To Keishla Rivera-Dones, chemical engineering is about more than dealing with chemical reactions; it’s about understanding the building blocks of everything.
A PhD student at UW–Madison in the Dumesic and Huber Research Groups, Rivera-Dones works with supported metal catalysts and applies them to promote and improve the efficiency of chemical reactions.
The Graduate School is gearing up for the next academic year, but not without a proper welcome for new and returning students alike. Welcome Week kicks off Monday, August 27 with a keynote speech by School of Human Ecology Dean Soyeon Shim. Dean Shim will share her unique perspective on designing one’s life for success, followed by a reception and refreshments. Check out this year’s Welcome Week highlights!
Rivka Maizlish studies folk music, folklore, folk art, folk medicine – but she is not a folklorist. Maizlish is an intellectual historian, about to embark on a fellowship with the Smithsonian Institution to dive more deeply into the question, how did people in 20th century America define folk?
“I got interested in that from a number of angles,” said Maizlish, a PhD student at UW–Madison, “but the main thing is I just really love Bob Dylan.”
Graduate students play a key role in research across campus. The Graduate School is telling just some of their stories with a new series of profiles featuring the graduate students working on UW2020 grant-funded projects.
Say you’re given a list of six random words. You hear them once, and after a short delay, you have to repeat as many as you can remember.
Your recall ability is based on what’s known as your working memory span. But it’s limited by constraints that vary from person to person and may be based on an individual’s experience with language.
As new technologies have opened doors for dairy farms to harness more data from their herds than ever before, farmers around the state have embraced these innovations.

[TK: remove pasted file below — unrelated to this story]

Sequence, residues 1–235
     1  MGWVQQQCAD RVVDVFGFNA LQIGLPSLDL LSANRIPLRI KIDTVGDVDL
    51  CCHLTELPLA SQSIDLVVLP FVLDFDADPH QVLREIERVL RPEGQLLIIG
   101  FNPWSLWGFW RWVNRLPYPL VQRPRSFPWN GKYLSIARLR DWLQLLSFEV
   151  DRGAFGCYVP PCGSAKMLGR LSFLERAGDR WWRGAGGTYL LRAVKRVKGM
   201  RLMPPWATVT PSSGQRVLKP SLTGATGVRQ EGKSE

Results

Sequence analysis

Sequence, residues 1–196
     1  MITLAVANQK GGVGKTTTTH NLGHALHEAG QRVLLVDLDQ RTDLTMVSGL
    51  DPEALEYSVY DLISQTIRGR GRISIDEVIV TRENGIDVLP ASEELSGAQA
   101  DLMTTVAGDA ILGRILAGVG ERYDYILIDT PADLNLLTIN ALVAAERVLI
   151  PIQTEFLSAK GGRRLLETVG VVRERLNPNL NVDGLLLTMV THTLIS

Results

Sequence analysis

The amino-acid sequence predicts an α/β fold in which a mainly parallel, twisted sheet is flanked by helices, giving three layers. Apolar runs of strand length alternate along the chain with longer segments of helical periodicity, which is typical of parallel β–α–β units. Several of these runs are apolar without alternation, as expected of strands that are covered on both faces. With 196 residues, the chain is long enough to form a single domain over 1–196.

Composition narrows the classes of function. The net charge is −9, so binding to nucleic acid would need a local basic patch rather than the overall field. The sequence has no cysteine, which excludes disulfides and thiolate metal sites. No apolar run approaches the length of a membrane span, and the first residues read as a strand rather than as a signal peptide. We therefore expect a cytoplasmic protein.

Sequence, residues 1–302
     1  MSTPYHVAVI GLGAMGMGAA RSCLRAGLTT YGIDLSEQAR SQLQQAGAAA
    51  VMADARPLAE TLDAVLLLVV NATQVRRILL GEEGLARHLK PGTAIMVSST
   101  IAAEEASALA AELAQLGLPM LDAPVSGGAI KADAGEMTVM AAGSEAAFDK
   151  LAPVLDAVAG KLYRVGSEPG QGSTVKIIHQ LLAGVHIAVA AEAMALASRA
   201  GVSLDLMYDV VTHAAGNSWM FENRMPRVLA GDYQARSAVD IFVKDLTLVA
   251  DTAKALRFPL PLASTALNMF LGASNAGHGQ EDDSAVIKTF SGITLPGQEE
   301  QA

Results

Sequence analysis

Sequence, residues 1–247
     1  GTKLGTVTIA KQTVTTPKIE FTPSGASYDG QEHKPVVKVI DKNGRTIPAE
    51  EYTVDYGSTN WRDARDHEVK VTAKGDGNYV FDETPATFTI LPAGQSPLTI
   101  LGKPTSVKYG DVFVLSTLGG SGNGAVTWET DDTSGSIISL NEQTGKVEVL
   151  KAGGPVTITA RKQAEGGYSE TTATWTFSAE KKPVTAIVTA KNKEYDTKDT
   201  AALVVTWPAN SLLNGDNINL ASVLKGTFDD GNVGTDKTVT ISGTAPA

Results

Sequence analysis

That leaves farmers with vast amounts of data – on cows, herds, farms, the market, crops, and soils – but, as of yet, no way to integrate the entirety of that data into farm management.
Imagine a future where robots at home are more than just disc-shaped vacuum cleaners – a future where they are autonomous agents that can perform our everyday tasks.
Though we may not always realize it, these tasks require a lot of physical responsiveness to the environment that is natural for humans but a core challenge of robotics.
With a background in engineering and environmental science, alumnus Paul Schramm had the perfect mix of skills to work on a water quality measurement project that brought new possibilities into the field of limnology.
Mitch Ledwith is motivated every day by the excitement that comes with new, and sometimes unexpected, discoveries.
As a PhD student in Cellular and Molecular Biology and a research assistant in the Mehle lab, Ledwith has been a firsthand witness to just one of those exciting discoveries on the University of Wisconsin–Madison campus, through a project funded by a UW2020 grant.
Luke Loken is a hydrologic research technician for the USGS Wisconsin Water Science Center and concurrently pursuing a PhD in Freshwater and Marine Sciences in Emily Stanley’s lab at the Center for Limnology. He and his colleagues at the University of Wisconsin developed a new tool to better understand aquatic ecosystems.